metrics from movies are stored in a separated table.
The experiment runs in a loop, where each year is analyzed at a time. IMDb only provides the year of release of movies, forcing us to consider movies produced in a given year are all produced and released simultaneously.
We begin with an empty list of network graphs L.
Before each iteration of the loop, each graph in L is inspected and nodes that haven't produced any work for over 8 years are removed along with their edges. If this causes any of the graphs to become disconnected, the disconnected graphs are added to L, while the original graph is removed from L
Then, we look into the productions released in the year. For each production, we find the graphs in L which contain any of the production's workers. Workers not present in the graph are added to the graph as new nodes. Edges between workers are added, or strengthened in case they already exist. If we have selected more than one graph from L, the now connected graphs are joined into a single graph, which is added to L, and the original graphs which were joined are removed from L.
Experiment metrics are only collected starting from 1985, as success metrics
might not be reliable prior to this year. The experiment runs from 1985 to
2012. The reason 2012 was chosen instead of a more recent year is that we don't
know how long it takes after a movie is released for
stabilize. We assume five years is a safe pick.
For a large portion of movies, IMDb provides a list of producers, directors, writers and actors. For some famous movies, more elements from the production team may be available, such as editors, composers, and cinematographers.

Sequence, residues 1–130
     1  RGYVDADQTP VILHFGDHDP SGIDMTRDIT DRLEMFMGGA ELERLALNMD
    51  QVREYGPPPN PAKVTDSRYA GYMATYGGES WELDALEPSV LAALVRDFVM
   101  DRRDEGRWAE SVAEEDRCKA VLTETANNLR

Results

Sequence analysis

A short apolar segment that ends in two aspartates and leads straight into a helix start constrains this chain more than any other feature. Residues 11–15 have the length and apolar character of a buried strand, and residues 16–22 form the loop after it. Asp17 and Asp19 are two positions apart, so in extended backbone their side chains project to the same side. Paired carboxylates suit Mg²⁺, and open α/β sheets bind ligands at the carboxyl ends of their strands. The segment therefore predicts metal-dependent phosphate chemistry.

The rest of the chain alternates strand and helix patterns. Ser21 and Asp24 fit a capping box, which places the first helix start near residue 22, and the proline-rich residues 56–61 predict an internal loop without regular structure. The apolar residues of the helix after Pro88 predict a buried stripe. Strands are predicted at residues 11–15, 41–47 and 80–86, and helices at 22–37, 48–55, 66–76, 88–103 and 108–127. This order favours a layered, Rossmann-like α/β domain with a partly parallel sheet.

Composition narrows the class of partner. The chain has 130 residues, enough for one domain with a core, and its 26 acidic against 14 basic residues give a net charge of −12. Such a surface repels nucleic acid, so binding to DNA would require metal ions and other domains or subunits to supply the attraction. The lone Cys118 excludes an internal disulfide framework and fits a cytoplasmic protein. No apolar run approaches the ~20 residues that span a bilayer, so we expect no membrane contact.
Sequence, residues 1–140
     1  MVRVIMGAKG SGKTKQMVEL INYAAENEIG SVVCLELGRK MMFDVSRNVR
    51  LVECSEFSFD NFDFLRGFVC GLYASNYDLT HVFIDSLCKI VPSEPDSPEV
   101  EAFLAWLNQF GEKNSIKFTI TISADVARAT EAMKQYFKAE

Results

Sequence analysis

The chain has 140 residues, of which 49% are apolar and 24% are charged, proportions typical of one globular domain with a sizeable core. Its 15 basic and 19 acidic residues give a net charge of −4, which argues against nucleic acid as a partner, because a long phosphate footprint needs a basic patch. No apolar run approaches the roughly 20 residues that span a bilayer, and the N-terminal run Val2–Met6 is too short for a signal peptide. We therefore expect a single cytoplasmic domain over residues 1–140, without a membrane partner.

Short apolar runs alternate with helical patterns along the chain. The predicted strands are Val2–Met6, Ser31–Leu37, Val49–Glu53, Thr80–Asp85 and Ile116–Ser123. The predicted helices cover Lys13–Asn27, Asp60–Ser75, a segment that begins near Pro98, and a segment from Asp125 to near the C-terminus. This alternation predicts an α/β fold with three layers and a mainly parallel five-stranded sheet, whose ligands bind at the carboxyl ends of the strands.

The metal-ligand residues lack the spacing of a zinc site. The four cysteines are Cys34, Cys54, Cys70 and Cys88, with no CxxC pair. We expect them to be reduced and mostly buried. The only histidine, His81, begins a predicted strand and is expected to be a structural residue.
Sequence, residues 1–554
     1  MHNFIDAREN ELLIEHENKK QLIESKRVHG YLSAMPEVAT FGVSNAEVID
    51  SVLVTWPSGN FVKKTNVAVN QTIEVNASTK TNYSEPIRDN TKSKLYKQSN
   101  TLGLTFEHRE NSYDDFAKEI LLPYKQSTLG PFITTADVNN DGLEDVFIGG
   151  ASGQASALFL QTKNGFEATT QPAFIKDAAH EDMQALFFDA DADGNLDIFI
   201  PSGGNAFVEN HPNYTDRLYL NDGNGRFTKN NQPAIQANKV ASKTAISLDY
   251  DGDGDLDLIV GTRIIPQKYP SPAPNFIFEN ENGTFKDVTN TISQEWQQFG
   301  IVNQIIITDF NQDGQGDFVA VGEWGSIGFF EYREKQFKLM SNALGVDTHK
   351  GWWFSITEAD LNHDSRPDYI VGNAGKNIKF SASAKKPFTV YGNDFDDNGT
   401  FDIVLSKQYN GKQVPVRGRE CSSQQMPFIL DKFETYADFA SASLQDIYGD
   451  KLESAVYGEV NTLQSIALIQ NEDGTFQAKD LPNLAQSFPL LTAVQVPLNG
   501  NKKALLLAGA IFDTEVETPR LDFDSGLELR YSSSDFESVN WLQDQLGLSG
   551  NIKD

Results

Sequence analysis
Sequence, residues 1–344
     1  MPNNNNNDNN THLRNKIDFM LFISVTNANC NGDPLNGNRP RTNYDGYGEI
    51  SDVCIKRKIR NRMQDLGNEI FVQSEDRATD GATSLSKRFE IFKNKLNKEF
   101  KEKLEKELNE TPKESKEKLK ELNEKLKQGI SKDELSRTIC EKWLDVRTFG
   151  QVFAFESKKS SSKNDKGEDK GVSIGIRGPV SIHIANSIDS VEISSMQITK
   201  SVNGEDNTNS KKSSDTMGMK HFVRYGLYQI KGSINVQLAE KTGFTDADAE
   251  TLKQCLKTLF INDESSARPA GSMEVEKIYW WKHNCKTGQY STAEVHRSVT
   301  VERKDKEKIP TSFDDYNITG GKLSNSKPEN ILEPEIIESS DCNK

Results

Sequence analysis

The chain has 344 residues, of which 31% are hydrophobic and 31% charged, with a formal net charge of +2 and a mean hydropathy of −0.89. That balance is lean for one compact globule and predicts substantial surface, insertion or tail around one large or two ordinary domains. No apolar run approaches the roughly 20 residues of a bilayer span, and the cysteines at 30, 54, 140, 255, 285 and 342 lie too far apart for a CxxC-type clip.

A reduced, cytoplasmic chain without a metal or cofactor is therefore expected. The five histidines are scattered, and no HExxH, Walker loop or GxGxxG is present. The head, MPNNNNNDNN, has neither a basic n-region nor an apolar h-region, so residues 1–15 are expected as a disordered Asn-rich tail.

Due to computational constraints, the experiment considers only producers, directors and writers. Adding actors, the graphs become exceedingly big for centrality network metrics to be feasibly computed.
For each production team, we collect social metrics related to each worker in the team individually (Ego metrics), to the pairs of workers in the team (Pair metrics) and to the team as a whole (Team metrics).
- Closeness Centrality,
- Betweenness Centrality,
- Clustering Coefficient,
- Square Clustering,
- Network Constraint,
- Node's degreem
- Past Ratings: mean of
nratingfrom node's prior works,
- Past Votes: mean of
log_votesfrom node's prior works,
- Past Experience: the number of prior works the node was part of,
Each production will have as many ego metrics as the number of people in its team. Hence, the maximum, minimum, median and standard deviation from the metrics are calculated.
Via vertex contraction, all nodes that participated in the production being studied are temporarily transformed in a single node. Then, all ego metrics are recalculated for the contracted node representing the team. Besides that, another metric is taken:
- Team size: the number of nodes in the production team.
- Shared Collaborators: the number of nodes connected to both nodes of the pair,
- Neighbour Overlap: the shared collaborators number, divided by the number of nodes connected to either one of the nodes of the pair, the proportion of friends which are connected to both nodes,
- Past experience: the weight of the edge connecting the two nodes,
Production teams with more than two members will have many pairs. Hence, the same aggregate statistics used for the Ego metrics are also used for the Pair metrics.
If you like this project and want to participate, there's a lot of ways you can
help. Check out
CONTRIBUTING.md for more info.